by Albert Goldbarth
If you write a poem about love . . .
the love is a bird,
the poem is an origami bird.
If you write a poem about death . . .
the death is a terrible fire,
the poem is an offering of paper cutout flames
you feed to the fire.
We can see, in these, the space between
our gestures and the power they address
—an insufficiency. And yet a kind of beauty,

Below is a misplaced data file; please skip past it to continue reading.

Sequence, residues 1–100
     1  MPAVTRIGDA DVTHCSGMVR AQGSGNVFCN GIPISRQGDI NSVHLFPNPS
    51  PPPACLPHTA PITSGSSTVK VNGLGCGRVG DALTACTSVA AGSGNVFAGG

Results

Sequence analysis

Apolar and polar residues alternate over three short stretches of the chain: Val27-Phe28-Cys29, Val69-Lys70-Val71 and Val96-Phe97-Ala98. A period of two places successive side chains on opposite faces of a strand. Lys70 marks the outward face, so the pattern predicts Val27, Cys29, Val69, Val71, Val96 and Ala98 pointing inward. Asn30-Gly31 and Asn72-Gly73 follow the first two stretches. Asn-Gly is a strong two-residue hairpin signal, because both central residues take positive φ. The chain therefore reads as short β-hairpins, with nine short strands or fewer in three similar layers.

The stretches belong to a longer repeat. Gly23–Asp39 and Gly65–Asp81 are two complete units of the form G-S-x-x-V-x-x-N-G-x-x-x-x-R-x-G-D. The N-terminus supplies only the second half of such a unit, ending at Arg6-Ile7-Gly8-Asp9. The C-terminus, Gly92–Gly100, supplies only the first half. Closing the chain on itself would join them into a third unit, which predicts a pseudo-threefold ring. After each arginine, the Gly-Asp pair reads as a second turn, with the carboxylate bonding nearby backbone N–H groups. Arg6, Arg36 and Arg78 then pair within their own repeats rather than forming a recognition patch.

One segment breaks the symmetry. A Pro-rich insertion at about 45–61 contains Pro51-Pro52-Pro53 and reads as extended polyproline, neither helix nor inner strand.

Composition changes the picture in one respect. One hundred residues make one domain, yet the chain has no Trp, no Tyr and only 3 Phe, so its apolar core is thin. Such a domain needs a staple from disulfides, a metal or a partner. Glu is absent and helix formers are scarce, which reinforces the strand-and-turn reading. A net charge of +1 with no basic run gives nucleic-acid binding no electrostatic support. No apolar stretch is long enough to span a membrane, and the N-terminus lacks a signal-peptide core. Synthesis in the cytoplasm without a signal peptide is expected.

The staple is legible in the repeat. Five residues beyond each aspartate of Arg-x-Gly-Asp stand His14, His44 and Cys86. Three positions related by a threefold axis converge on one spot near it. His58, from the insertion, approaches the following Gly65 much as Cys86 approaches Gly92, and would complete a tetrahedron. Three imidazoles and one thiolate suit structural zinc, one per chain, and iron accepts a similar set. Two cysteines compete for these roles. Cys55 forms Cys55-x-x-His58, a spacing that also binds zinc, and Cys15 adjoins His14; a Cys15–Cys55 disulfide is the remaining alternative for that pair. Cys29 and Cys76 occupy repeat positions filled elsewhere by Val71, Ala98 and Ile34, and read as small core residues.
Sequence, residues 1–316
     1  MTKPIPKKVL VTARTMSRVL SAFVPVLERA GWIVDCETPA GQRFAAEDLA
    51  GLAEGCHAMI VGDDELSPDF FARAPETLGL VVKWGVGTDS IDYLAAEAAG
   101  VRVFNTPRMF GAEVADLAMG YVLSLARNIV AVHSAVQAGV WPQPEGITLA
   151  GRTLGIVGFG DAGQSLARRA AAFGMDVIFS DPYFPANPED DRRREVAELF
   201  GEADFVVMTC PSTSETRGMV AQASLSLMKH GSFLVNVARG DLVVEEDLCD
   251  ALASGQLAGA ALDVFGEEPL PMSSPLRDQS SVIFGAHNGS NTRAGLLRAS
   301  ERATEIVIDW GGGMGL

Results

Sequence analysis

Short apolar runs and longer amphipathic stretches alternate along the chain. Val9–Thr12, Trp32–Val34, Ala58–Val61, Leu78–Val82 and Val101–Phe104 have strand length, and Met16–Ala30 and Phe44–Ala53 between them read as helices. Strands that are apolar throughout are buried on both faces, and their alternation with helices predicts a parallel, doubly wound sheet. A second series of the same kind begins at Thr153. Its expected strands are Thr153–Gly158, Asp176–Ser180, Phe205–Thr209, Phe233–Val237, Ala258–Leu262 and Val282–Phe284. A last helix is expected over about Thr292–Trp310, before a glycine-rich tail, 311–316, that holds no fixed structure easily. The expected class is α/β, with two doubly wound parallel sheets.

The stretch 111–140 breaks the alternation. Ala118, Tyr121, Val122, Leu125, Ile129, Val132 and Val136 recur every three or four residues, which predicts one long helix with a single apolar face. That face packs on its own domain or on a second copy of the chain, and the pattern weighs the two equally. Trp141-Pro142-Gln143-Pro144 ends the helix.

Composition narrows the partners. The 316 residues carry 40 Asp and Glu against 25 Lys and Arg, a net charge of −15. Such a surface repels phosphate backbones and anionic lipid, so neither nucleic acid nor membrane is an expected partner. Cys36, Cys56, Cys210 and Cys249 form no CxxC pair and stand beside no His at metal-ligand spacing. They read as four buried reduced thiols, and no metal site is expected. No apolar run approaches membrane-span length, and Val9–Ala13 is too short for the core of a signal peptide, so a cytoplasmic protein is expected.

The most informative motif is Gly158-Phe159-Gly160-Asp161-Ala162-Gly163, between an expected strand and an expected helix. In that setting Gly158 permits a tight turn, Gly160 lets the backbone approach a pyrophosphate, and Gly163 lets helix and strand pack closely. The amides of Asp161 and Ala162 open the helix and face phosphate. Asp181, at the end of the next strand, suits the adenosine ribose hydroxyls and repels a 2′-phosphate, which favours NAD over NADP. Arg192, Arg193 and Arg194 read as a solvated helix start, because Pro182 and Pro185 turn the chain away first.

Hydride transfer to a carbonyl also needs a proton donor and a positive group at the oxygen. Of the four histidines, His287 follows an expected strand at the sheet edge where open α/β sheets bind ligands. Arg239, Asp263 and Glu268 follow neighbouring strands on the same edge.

a distinctly human beauty. When a winter storm
from out of nowhere hit New York one night
in 1892, the crew at a theater was caught
unloading props: a box
of paper snow for the Christmas scene got dropped
and broken open, and that flash of white
confetti was lost
inside what it was a praise of.
Copyright © 2007 by Albert Goldbarth Reprinted from The Kitchen Sink: New and Selected Poems